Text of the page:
Odie is Garfield’s best friend, and is a slobbery beagle. Both are characters in Jim Davis’ comic strip named “Garfield”.

46. Electrical unit : OHM

The unit of electrical resistance is the ohm (with the symbol omega) named after German physicist Georg Simon Ohm. Ohm was the guy who established experimentally that the amount of current flowing through a circuit is directly proportional to the voltage applied, (V=IR) a relationship that every schoolkid knows as Ohm’s Law.

48. Yells “Fore!” at : WARNS

No one seems to know for sure where the golfing term “fore!” comes from. It has been used at least as far back as 1881, and since then has been called out to warn other golfers that a wayward ball might be heading their way. My favorite possibility for its origin is that it is a contraction of the Gaelic warning cry “Faugh a Ballagh!” (clear the way!) which is still called out in the sport of road bowling. Road bowling is an Irish game where players bowl balls along roads between villages, trying to reach the end of the course in as few bowls as possible, just like in golf!

49. Junior Jetson : ELROY

“The Jetsons” is an animated show from Hanna-Barbera that had its first run in 1962-1963, and then was recreated in 1985-1987. When it was debuted in 1963 by ABC, “The Jetsons” was the network’s first ever color broadcast. “The Jetsons” are like a space-age version of “The Flintstones”. The four Jetson family members are George and Jane, the parents, and children Judy and Elroy. Residing with the family are Rosie the household robot, and Astro the pet dog.

51. First name in bologna : OSCAR

The Oscar Mayer brand of meats was named for a German immigrant named Oscar F. Mayer who sold German sausages in the Chicago area in the late 1800s. The Oscar Mayer company has a famous vehicle called the Wienermobile that it has used in promotions for over 70 years.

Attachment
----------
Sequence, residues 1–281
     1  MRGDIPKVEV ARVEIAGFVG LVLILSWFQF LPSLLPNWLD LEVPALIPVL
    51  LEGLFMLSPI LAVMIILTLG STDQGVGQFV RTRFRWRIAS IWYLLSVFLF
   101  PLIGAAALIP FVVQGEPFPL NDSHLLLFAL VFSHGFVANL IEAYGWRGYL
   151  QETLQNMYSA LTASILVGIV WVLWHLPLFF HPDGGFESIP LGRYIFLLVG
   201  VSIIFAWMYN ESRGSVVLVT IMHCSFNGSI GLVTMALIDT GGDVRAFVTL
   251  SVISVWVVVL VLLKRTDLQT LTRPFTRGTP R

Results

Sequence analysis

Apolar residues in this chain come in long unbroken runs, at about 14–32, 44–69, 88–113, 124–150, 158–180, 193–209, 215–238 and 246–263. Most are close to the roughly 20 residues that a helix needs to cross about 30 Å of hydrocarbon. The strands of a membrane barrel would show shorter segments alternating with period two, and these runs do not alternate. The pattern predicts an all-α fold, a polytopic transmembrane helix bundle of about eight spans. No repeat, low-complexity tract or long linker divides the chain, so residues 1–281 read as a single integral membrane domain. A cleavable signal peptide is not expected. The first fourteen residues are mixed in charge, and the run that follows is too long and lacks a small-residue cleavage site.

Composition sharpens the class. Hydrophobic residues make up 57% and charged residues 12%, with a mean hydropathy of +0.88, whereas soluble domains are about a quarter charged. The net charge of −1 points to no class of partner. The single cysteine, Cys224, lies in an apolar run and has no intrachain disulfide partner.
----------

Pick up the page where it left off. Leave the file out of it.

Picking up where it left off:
The deli meat known as “baloney” (i.e. “Bologna sausage”) is an American invention. It was given the name “baloney” because it resembles Italian mortadella sausage, which originated in the city of Bologna in northern Italy.

52. Features of some sports cars, and what this puzzle’s four longest answers have in common : T-TOPS

A T-top is a car roof that has removable panels on either side of a rigid bar that runs down the center of the vehicle above the driver.

53. Eighth of a fluid ounce : DRAM

The dram is a confusing unit of measurement, I think. It has one value as an ancient unit of mass, and two different values as a modern unit of mass, another value as a unit of fluid volume, and yet another varying value as a measure of Scotch whisky!

54. Oxen coupler : YOKE

A yoke is a wooden beam used between a pair of oxen so that they are forced to work together.

57. Sch. support groups : PTAS

Parent-Teacher Association (PTA)

60. Army training ctr. : OCS

Officer Candidate School (OCS)